Protection from lockdown losses

Research has shown that some parents have decided to delay family inheritance planning in case their children’s marriages end in divorce due to the pressures of COVID-19 lockdown.


Many parents are worried that their children’s marriages will not last because of lockdown and have taken steps to prevent wealth and assets, usually given early, from being stripped from the family estate in the event of a divorce.


Lindsey Canning, head of Family Law at Wake Smith Solicitors, discusses options and looks at post marital agreements for clarity on asset division.


Couples should consider entering into a post marital agreement as to the division of their assets, which would include not touching the inheritance, should they separate sometime in the future.


This allows the parents to then gift the money or leave it in a Will. This is not fail safe but a better option than nothing.”


In the simplest of terms, a post marital, or post nuptial agreement is a legal contract between a married couple which outlines the division of assets, incomes and liabilities should a marriage end.


Lindsey added: “Most people are already familiar with prenuptial agreements or prenups. When they were introduced they were mainly for the rich and famous but they have become fairly common ahead of marriage for high net worth individuals.


Postnuptial agreements, or postnups, are essentially the same, but they are agreed after the marriage ceremony or civil partnership has taken place.


Both prenups and postnups are a contract, entered into by a couple, setting out how the assets of each party, such as property, savings and pensions and, also their incomes should be distributed in the event of a divorce, or dissolution of civil partnership.


They aim to keep assets separate rather than allowing them to become mixed up within the marriage and hope to minimise the possibility of divorce-related financial disputes ending up in court.”


Currently postnups are not legally binding in the UK with courts not forced to follow the terms contained in postnups or prenups so, a Judge can determine that assets have been added to the matrimonial pot and how these should be divided, notwithstanding the terms of any postnuptial agreement.


Even though the family court is not bound by postnups they can be persuasive however, there are a number of safeguards that must be put in place and, postnups are more likely to be considered by the family court if they are fair and provide appropriately for the parties’ and children’s needs for housing and income.


Lindsey added: “The postnup must be properly prepared and, each party should take independent legal advice before entering into a postnup and they should not feel under pressure.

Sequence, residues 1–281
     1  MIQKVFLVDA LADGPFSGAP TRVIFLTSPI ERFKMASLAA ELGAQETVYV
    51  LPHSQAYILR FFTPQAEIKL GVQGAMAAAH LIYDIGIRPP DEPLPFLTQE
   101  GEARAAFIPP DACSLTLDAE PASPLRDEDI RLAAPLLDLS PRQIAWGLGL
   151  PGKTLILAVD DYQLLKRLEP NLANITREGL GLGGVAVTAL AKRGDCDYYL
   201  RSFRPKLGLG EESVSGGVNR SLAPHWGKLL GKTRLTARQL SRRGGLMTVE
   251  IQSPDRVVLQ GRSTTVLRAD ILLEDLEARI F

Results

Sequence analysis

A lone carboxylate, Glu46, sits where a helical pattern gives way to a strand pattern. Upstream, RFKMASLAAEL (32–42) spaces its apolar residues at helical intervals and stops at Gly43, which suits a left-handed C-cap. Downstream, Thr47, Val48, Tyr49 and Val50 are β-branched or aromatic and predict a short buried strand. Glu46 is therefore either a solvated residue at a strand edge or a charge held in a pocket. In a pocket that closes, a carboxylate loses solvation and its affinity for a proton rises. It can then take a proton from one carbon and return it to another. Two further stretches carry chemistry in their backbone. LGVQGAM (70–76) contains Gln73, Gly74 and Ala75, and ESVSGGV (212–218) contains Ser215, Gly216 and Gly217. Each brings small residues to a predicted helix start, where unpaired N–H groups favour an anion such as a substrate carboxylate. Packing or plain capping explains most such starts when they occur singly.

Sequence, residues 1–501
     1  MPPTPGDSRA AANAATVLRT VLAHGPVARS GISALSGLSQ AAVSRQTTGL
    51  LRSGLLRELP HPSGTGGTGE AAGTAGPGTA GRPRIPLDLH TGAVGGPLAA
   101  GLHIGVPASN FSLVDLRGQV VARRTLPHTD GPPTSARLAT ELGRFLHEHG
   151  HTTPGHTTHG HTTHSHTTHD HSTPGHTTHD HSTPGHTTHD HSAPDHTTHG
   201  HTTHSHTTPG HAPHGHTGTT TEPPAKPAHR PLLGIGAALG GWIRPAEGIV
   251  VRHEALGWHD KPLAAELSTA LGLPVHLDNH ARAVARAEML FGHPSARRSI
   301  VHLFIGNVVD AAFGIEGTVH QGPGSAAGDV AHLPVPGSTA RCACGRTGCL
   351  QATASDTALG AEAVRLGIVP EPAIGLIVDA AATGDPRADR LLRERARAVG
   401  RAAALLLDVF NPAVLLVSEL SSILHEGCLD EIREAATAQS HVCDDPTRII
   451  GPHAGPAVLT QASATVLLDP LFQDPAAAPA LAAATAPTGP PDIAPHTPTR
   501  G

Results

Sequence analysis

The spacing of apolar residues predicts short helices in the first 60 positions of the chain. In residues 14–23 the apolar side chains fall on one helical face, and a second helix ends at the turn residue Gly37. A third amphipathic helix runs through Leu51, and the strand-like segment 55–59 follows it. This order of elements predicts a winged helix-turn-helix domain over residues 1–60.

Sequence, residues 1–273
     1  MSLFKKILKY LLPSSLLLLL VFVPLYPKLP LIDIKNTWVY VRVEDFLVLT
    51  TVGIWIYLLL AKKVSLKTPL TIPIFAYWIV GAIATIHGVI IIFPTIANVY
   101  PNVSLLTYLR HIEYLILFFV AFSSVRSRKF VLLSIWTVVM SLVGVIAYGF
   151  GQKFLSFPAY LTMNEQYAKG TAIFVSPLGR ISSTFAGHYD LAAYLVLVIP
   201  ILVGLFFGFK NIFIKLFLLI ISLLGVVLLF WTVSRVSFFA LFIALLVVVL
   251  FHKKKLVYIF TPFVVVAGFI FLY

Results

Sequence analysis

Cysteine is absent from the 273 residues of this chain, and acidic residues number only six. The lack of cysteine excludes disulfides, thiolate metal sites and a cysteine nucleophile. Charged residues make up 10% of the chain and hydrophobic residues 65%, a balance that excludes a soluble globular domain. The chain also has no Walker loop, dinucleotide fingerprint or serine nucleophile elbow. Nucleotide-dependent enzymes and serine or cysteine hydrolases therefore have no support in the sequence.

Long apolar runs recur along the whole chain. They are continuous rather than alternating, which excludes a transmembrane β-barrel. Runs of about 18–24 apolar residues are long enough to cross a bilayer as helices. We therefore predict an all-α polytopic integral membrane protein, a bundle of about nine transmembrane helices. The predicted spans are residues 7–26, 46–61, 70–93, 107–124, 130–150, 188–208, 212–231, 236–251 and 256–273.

Both should understand the full extent of any financial claims they might be giving up by signing a postnup – and each should provide the other with full disclosure of their financial circumstances.”


What elements can be included in a postnuptial agreement?

Examples include:

Matrimonial home – who will be entitled to remain, or should the property be sold?

Property portfolios and inheritances – expectations of and inheritances, gifts or property owned such as second homes before marriage.

Maintenance – if one partner is in a stronger financial position, they may agree to support the other party, how much will be paid?

Savings, shares and pensions – how will these be divided?

Business assets – particularly important if one party already has significant business interests before marriage.

Insurance coverage including, life medical and disability.

Debts and payment of any outstanding debts.

How will personally and jointly owned belongings be shared?


Lindsey added: “Both parties must first obtain independent legal advice as this removes the argument, at a later date, that one party was put under undue pressure or they didn’t realise what they were signing.


Having professional legal advice can also provide you with information on circumstances which you may not have already considered and, necessary guidance on what the family court is likely to feel is fair.


We would recommend that you spend some time considering the terms of the agreement and try and make them as precise as possible.


Give serious consideration to any likely changes in your circumstances during the marriage. For example if you are planning on having children, or if you are likely to inherit or indeed retire with a healthy pension.


Post nuptial agreements can be changed with both party’s consent so it is good practice to review your agreement every so often to make sure that it still meets your requirement and wishes.”


For further information on post nuptial agreements and estate planning contact Wake Smith Solicitors on 0114 266 6660.

You may also like...

0 Response

Leave a Reply

This thread has been closed from taking new comments.